1990 Chevy Subur­ban

WHAT DO YOU DO WHEN you are into rock­crawl­ing but have a fam­ily of seven? If you are Mark Schultz, you build a Subur­ban big enough to fit your wife and all of your kids. Schultz started with a $200 in­vest­ment four years ago for a 3⁄4-ton Subur­ban with a blown en­gine. He be­gan with a 6-inch lift kit and a re­man­u­fac­tured en­gine, but that en­gine got smoked in short order. For­tu­nately, the ini­tial in­vest­ment was min­i­mal, which left enough money in the bud­get for a 406ci V-8 from Cus­tom Ex­haust Spe­cial­ties and 1-ton axles.

Schultz painted the big Burb him­self—and then de­cided to take 16 inches of the rear of the body. Af­ter that he took the Subur­ban to his friend Graeme Ty­de­man at G-Fab Mo­tor­sports, who linked the front end and added a trick hy­brid ’cage. Wheel­ing with Graeme and the Sketchy Ore­gon Boys started a down­hill spi­ral of dents and bro­ken parts.

Don’t let the cur­rent straight sheet­metal fool you. Schultz re­cently re­placed the body pan­els on the Chevy and re­painted it. The re­pairs were nec­es­sary af­ter fol­low­ing bug­gies and Jeeps through wooded Ore­gon trails in a full­size fam­ily rig.


Af­ter hav­ing is­sues with re­built en­gines, Mark Schultz stepped up to race car-qual­ity parts. Power comes from a 475hp Chevy small­block that Shayne Bur­ton at Cus­tom Ex­haust Spe­cial­ties built with Trick Flow Twisted Wedge alu­minum heads, a SCAT crank and rods, Mahle pis­tons, and a Comp Cams camshaft de­signed to work with the FAST EZ-EFI fuel sys­tem.


Mark’s son Alex held up an old body panel from the Subur­ban to show just how ham­mered it was. Mark Schultz re­placed the body pan­els, which come apart at the floor seam. While this was an in­volved process, he found it to be much eas­ier than a full cab swap.

“Hard­core rock­crawl­ing isn’t just for the guys”


The in­te­rior is com­pletely caged to keep the en­tire fam­ily safe. G-Fab Mo­tor­sports built the cage from 2x0.120- and 1.75x0.120-wall tub­ing and ran the top halo out­side the ve­hi­cle, but the down­rig­gers are in­side the cab. This type of hy­brid cage takes a lot of work to build, but they are be­com­ing pop­u­lar due to in­creased head­room with­out the added width of a full exo-cage.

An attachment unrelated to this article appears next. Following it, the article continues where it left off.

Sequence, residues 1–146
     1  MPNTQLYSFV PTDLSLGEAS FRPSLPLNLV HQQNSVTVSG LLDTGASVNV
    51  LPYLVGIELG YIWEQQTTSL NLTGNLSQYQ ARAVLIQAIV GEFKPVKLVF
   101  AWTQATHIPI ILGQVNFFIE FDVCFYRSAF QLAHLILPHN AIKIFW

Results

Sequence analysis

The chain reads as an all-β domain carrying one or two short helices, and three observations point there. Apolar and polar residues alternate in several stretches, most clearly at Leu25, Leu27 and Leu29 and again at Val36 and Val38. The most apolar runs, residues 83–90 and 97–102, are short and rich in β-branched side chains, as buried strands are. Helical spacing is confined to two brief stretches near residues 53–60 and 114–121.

G-Fab Mo­tor­sports built the three-link front sus­pen­sion with 2.25x0.375-wall DOM links capped with Cur­rie Johnny Joints. 14-inch­travel re­mote-reser­voir Fox coilover shocks with

175– over 300–lb-in coil springs sus­pend the axle, and Fox air bumps smooth out the last few inches of travel.


The front axle is a king­pin Dana 60 that has been up­graded with 4.88 gears, an ARB

Air Locker, a Solid In­dus­tries diff cover, Nitro

35-spline chro­moly axle­shafts, and Yukon hard­core hubs. The axle is turned by a Toy­ota box that was tapped for hy­draulic as­sist and pushes a PSC ram. The steer­ing links are 1.5x0.250-wall DOM, but as the frowny-face tie rod sug­gests, that still isn’t enough for the 6,800-pound Subur­ban.


The rear axle is a 14-bolt filled with 4.88 gears and a spool be­hind the Solid In­dus­tries diff cover. Disc brakes in­crease stop­ping power and shed a bunch of weight com­pared to the fac­tory drums. The axle is lo­cated by 63-inch­long Deaver leaf springs with an Of­fRoad De­sign shackle flip and is damped by Bil­stein 5100 mono­tube shocks.


The Subur­ban body was short­ened 16 inches be­hind the rear tire for im­proved de­par­ture an­gle. Plex­i­glass rear win­dows re­placed the fac­tory glass and take abuse with­out break­ing. The grille was nar­rowed 10 inches and the hood and fend­ers mod­i­fied to match. This greatly im­proves vis­i­bil­ity on the tight, tech­ni­cal trails that Schultz likes to run.



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